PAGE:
News / Slack

Parker Harris to Become Slack Chief Engineering Officer After Co-Founder Leaves

By Ben McCarthy

Since Salesforce acquired Slack in late 2020 for $27.7B, it hasn’t been a straightforward path to success for what seemed like a match made in heaven.

Since the acquisition, Slack has seen employee churn at the highest levels, including Co-Founder & CEO Stuart Butterfield, who left the company in late 2022, Lidiane Jones, who left in late 2023, and now Co-Founder & CTO Cal Henderson, who has had his departure confirmed by Fortune.

These departures aren’t all bad news and are natural to some extent, as founders often leave their companies once acquired. “I think there’s an average amount of time that founders stay after an acquisition, and this is way longer than that,” a Salesforce spokesperson told Fortune.

But this news does have a silver lining: Salesforce Co-founder & CTO, Parker Harris, has taken on the role of Chief Engineering Officer of Slack, confirmed by CEO Marc Benioff on Twitter.

As well as spearheading the groundbreaking Salesforce platform over the years, Parker has had notable projects, including the Lightning Experience launched in 2014 and Hyperforce, which has just started rolling out to most Salesforce customers.

A Brief History of Slack & Salesforce

It’s safe to say that Slack is an impressive piece of software, pioneering the business messaging space. As my generation mostly grew up on Skype, MSN Messenger and ICQ, it was a bit odd to get into the business world, only to use pretty rudimentary tools such as Google Talk, which didn’t provide the same functionality of tools ten years ago.

So when Salesforce acquired Slack in 2020, the Salesforce ecosystem was overjoyed at what this could mean. Could we see Slack replace Chatter, embedding Instant messaging inside Salesforce? Could Slack become a new UI for Salesforce?

At this time the world was also amid the Covid-19 pandemic, and with Salesforce being one of the first companies to declare that employees could and should work from home, followed by many others, business messaging tools like Slack became imperative.

READ MORE: 10 Productivity Slack Tips & Tricks for Users

But ever since Salesforce announced the acquisition, Wall Street has stated that Salesforce has overpaid for Slack, with Salesforce shares falling the day after the announcement. This topic was raised again last year as Activist Investors were circling, as many analysts stated that Salesforce should look at selling Slack to focus on its core market opportunities.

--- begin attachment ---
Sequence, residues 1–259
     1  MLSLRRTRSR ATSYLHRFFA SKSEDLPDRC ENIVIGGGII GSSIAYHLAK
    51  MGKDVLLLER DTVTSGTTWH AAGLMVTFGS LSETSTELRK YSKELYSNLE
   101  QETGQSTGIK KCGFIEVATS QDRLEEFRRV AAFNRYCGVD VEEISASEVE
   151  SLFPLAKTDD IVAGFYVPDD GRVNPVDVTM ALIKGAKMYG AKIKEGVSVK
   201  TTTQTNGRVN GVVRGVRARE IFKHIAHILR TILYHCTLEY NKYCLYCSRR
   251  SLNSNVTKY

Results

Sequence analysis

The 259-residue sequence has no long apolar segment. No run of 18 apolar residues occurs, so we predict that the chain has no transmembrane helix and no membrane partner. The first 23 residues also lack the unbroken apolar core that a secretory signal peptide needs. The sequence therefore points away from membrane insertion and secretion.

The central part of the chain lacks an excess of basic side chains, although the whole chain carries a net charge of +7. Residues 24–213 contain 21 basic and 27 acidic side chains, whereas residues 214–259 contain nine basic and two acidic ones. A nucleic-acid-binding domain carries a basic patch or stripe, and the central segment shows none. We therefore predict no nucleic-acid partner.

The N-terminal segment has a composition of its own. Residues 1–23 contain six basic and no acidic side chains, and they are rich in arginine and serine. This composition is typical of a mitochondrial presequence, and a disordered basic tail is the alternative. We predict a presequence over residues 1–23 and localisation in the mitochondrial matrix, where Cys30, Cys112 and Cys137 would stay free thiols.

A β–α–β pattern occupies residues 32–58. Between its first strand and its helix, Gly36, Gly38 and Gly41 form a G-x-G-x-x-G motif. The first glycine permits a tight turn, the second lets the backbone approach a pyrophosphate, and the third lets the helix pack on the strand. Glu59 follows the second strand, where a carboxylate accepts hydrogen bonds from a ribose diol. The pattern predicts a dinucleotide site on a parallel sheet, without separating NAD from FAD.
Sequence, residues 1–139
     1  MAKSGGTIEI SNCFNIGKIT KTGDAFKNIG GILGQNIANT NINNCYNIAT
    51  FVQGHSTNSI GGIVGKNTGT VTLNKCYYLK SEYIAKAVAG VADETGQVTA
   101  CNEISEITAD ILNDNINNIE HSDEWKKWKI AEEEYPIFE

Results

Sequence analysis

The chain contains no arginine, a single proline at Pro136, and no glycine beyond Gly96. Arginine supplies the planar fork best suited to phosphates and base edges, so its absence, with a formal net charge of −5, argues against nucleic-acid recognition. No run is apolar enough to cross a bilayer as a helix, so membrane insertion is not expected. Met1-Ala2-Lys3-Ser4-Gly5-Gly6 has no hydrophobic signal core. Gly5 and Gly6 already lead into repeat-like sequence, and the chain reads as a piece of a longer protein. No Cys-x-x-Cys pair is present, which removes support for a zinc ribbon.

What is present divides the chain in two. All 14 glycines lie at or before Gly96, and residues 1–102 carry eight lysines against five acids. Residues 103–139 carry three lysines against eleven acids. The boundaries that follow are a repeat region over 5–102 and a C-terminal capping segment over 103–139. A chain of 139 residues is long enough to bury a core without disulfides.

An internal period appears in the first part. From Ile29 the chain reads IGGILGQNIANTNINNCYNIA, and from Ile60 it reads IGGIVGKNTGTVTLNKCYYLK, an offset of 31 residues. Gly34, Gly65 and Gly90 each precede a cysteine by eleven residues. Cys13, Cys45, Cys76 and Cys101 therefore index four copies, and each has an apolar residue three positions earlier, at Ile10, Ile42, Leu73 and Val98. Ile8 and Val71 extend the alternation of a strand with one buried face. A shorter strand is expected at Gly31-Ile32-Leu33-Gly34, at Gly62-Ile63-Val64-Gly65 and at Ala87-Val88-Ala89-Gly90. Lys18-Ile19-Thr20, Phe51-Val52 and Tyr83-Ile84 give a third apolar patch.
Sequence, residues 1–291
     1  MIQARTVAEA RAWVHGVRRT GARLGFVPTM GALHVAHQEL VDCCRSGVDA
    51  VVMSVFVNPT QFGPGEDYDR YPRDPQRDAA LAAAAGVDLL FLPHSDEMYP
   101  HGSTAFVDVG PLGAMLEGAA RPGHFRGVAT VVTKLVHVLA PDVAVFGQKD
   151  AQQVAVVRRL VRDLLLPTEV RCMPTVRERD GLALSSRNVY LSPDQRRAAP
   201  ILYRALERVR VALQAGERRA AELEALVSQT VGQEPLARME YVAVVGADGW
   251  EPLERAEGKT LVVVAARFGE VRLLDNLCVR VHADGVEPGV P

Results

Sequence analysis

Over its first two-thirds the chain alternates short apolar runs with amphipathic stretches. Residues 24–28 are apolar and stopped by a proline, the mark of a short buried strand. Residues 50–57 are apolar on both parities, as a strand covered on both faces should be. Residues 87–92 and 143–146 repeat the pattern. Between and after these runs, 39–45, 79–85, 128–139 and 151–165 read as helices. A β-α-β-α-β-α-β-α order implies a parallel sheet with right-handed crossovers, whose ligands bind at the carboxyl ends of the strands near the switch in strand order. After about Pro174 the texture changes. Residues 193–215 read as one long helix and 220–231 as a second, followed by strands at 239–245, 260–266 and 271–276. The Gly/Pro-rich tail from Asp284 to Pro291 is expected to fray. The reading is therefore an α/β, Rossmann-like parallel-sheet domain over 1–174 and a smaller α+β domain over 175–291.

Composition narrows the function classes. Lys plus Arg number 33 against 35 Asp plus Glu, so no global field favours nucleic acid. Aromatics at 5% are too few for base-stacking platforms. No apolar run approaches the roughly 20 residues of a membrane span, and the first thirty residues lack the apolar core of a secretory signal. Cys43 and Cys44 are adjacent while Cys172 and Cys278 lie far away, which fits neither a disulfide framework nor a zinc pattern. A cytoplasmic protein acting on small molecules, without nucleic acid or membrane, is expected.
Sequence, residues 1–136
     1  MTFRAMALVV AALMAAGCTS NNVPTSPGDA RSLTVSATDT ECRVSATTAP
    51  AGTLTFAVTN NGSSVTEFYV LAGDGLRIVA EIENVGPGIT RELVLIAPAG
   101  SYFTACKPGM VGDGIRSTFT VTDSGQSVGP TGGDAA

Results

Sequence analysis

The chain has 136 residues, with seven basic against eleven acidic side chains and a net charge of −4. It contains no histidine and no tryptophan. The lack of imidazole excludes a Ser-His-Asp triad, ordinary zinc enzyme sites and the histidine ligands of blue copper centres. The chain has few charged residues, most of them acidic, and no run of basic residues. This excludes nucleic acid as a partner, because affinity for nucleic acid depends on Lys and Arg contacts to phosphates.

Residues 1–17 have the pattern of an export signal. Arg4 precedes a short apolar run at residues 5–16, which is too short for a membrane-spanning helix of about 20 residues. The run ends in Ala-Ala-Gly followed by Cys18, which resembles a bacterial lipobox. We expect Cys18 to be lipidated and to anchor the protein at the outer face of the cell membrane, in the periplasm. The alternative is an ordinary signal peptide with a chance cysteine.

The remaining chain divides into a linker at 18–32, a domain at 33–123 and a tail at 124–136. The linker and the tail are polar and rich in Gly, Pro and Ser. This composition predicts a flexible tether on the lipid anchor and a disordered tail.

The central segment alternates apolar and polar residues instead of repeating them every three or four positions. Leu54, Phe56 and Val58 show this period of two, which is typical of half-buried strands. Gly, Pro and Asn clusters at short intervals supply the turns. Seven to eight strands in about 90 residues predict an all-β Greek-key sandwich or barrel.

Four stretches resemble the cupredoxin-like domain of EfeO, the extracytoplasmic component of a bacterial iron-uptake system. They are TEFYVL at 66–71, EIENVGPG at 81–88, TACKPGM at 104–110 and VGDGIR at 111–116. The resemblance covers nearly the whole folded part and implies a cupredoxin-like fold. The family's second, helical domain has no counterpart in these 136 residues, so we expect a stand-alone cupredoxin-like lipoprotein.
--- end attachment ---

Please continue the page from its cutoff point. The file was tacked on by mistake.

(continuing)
Another thorn in the side of Salesforce is Microsoft with their Teams product. Teams was only launched in 2017, as opposed to Slack in 2009. And it’s estimated on various websites that Teams has about 10x the amount of users than Slack, some 320M to Slack’s 32M.

Microsoft’s dominance is mainly due to the fact it can bundle Teams with Microsoft 365, one of the largest business suites that only really competes with Google’s Workspace.

However, by my own anecdotal evidence, Slack is often the preferred product. This is backed up with PC Mag rating Slack “Excellent” with 4.5* and Teams “Good” with 3.5*. Sam Altman has also proudly announced that his most used app isn’t ChatGPT, but Slack (Sorry Microsoft Teams!).

How Does Salesforce Succeed with Slack?

It seems to me that Salesforce has two challenges to overcome with Slack to maximize the acquisition and the price paid…

Firstly, it’s been widely reported that there have been some cultural integration issues between the two companies. Whilst I wouldn’t want to speculate, as these have mostly been reported based on leaked memos’, employee churn as well as a lack of product integration may point to some issues between the two companies.

This brings me to the second point, which is the lack of technical cohesion between the two products. Salesforce has announced many integrations and new products such as Slack GPT & the Workflow Builder, as well as the major announcements of Canvases that took the spotlight at Dreamforce ‘22 (Slack Canvases is based on Quip, another product owned by Salesforce).

Whilst these products all sound fantastic in theory, I haven’t seen much mention of them, or integration of them into product demos to really sell us the vision of how Slack fits into the wider Salesforce ecosystem of products.

It seems to me that for Salesforce to beat Microsoft, and win over some of the many Salesforce customers that use Teams instead of Slack, they need to make Slack indispensable to a Salesforce implementation.


There is no doubt in anyone’s mind that Slack is a fantastic tool for business collaboration, and that regardless of price, Salesforce has landed itself one of the best tools in the business messaging category. But in order to really see the strategic value from the acquisition, Salesforce must integrate Slack into its Customer 360 workflows.

Now with Salesforce Co-founder & CTO Parker Harris at the helm of Slack, hopefully, we are to see some overdue magic from this tool.

READ MORE: Denise Dresser Replaces Lidiane Jones as Slack CEO

The Author

Ben McCarthy

Ben is the Founder of Salesforce Ben. He also works as a Non-Exec Director & Advisor for various companies within the Salesforce Ecosystem.

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